• @lpetiti -- as @davidhohn recommends, consulting an IP attorney is the way to go on this one. The terms "own" and "secures the rights" could be interpreted differently by different parties. If the client owns the illustrations, does that mean they own the originals? What rights are they securing? Reproduction rights only? Full rights (the copyright)? What permissions are actually being given? And what did you, the artist agree to give away?

    It could be interpreted that the client owns the original artwork AND the copyright, and the artist is "owning" usage rights only. In that case, then yes, you would be "allowed" to use your own drawings only in ways approved by the client, since you would no longer own the artwork. It's very common for self-publishers to want to own all rights to the illustrations instead of being granted usage (or reproduction) rights.

    To answer your question: "I am planning on explaining to my client how the illustrator owns the work, but of course her consulting firm own the rights to the book. I'm essentially leasing them to her, right?"

    It depends on the wording of the contract. When you create the work, you own the copyright to it. However, in negotiating a contract, you may be agreeing to give those rights to the client, depending on how the contract is worded. Even explaining it verbally, choose your wording and terms carefully. The consulting firm would only own the rights to the work if you agreed to sign over the copyright to the client in the contract. If your intention is to "lease" or give them permission to use the artwork for a specific purpose, then you are granting (or licensing) usage rights or reproduction rights to your client, which should be clearly defined in the contract. They would never actually own anything if usage rights are granted. In that case, all ownership remains with the copyright holder (you).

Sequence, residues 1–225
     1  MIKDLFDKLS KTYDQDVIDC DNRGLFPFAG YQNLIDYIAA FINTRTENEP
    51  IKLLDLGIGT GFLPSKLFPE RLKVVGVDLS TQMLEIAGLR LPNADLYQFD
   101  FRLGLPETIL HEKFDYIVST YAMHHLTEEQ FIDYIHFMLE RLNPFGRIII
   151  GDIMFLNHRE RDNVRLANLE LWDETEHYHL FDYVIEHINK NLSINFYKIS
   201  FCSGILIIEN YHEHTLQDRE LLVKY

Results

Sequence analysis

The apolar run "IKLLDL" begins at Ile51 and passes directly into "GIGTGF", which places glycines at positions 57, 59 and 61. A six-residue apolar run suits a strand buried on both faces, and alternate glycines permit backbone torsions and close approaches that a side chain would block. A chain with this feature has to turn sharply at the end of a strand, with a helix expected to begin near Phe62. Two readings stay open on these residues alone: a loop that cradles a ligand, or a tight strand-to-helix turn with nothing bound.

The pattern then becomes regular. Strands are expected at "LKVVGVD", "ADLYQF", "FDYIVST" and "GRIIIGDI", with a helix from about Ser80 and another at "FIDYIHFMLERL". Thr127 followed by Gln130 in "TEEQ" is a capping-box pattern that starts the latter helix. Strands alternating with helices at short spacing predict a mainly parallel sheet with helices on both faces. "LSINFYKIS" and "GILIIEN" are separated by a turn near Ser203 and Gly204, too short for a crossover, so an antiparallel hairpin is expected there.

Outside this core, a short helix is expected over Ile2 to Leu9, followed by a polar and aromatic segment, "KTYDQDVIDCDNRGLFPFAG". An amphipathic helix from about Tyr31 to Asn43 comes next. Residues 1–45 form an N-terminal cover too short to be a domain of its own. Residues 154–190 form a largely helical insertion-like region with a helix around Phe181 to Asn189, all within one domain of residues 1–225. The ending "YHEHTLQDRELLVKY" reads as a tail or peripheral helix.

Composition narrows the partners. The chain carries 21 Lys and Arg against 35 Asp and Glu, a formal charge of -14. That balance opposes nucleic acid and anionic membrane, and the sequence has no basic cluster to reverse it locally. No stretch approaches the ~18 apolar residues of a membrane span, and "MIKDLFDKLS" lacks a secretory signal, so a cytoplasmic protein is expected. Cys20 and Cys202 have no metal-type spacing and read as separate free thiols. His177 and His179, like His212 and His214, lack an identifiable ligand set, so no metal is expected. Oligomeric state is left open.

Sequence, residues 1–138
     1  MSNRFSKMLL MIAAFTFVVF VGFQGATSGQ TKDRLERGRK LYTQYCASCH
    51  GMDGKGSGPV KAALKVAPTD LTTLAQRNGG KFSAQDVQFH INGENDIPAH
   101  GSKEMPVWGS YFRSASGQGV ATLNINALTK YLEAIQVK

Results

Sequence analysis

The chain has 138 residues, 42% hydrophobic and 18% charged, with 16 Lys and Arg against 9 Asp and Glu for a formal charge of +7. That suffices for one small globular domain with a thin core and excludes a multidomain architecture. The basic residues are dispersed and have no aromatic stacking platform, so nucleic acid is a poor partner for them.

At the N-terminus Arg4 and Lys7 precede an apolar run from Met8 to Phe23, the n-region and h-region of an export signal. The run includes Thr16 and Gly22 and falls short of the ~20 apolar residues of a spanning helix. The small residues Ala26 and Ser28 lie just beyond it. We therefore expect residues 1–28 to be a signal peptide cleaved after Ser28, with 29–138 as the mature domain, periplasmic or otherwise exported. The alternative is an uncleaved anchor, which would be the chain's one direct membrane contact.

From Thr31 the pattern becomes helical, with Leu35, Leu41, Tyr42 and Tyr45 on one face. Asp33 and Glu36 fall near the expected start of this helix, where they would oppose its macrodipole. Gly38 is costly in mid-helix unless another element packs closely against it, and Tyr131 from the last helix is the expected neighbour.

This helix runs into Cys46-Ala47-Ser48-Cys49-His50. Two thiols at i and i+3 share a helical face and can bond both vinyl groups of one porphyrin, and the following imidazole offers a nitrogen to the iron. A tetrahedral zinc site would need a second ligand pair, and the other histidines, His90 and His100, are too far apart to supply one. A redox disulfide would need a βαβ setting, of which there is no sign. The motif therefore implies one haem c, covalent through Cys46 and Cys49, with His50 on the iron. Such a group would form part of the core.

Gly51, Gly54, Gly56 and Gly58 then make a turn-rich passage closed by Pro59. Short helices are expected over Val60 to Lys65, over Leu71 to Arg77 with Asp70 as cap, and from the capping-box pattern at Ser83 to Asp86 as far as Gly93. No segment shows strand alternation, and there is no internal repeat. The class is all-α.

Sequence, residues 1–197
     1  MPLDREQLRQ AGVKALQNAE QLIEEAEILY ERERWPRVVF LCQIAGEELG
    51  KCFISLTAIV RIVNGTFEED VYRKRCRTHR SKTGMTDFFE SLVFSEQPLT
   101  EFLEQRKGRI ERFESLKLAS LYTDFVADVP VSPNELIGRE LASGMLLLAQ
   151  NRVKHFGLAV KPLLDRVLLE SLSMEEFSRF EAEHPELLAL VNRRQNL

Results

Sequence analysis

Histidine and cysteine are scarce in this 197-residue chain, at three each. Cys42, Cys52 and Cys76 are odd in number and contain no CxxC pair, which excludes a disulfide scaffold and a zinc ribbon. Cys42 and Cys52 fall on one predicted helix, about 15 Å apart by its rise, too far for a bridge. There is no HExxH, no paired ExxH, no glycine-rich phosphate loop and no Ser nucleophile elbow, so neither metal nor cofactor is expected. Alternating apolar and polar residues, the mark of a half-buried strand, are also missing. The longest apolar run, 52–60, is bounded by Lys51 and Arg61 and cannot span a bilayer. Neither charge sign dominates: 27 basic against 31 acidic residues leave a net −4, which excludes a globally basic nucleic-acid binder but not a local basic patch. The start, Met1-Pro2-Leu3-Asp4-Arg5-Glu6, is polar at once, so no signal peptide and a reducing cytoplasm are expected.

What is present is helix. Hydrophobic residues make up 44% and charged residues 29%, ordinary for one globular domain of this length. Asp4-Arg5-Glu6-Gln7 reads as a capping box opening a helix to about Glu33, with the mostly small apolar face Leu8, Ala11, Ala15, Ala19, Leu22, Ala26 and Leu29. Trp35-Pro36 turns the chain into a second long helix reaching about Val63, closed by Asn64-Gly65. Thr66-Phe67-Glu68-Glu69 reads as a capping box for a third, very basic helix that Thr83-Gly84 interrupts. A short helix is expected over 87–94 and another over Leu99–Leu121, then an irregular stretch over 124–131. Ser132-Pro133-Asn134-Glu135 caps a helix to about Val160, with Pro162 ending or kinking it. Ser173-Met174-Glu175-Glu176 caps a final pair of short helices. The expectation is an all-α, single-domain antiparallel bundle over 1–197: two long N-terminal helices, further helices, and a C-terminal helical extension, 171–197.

But as has been said, if you have questions, consult an IP attorney. (This forum is not a good substitute for the real thing, but we can share experiences and offer suggestions.) They may also help you draft a contract wherein the wording is clear, all parties fully understand the terms, and everyone is happy with it. Hope it all works out well for you!

  • Thanks! I will definitely keep IP attorneys in mind. I will let the author know that from now on we should phrase the contact so that it's clear that I'm granting usage rights of the illustrations in the context of the book, rather than outright selling them to her (which, based on what I've seen on these forums is WAY more expensive!)

  • Well, good news is that I just got off the phone with my client, and she wanted me to know she understood my concerns. We talked about how she is aware that I own the illustrations and that if she was to ever ask for the copyright of them she'd have to pay a "hell of a lot of money" (in her words). Since we've been working together for a long time and I know her well, I was satisfied with our conversation. I thanked her for letting me get my sea legs in the freelance world by working with her. Moving forward with clients that I don't know, though, I definitely know that I need to make sure that I'm aware of the specific wording of the contract.

    She also pointed out something interesting. As an educator, take a look at my contract to see if the institution can own the copyright. For instance, if I worked at our city's university or junior college, used their resources or their time, apparently many contracts say the university owns the work (nevermind how screwed up that is...). I doubt that's in our contracts at the high school level, but now I'm curious.

Log in to reply